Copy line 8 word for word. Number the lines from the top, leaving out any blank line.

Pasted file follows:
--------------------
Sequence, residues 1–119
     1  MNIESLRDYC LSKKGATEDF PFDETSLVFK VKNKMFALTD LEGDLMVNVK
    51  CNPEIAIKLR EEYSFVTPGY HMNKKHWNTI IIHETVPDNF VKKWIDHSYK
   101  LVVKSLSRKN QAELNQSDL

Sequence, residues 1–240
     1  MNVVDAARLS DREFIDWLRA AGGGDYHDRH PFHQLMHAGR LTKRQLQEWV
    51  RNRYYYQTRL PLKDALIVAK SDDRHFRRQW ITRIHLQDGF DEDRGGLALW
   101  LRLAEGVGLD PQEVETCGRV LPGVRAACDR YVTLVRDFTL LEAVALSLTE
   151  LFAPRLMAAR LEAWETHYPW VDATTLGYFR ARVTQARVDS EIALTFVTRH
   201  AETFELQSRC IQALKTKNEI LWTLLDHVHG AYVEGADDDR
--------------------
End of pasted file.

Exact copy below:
   101  LRLAEGVGLD PQEVETCGRV LPGVRAACDR YVTLVRDFTL LEAVALSLTE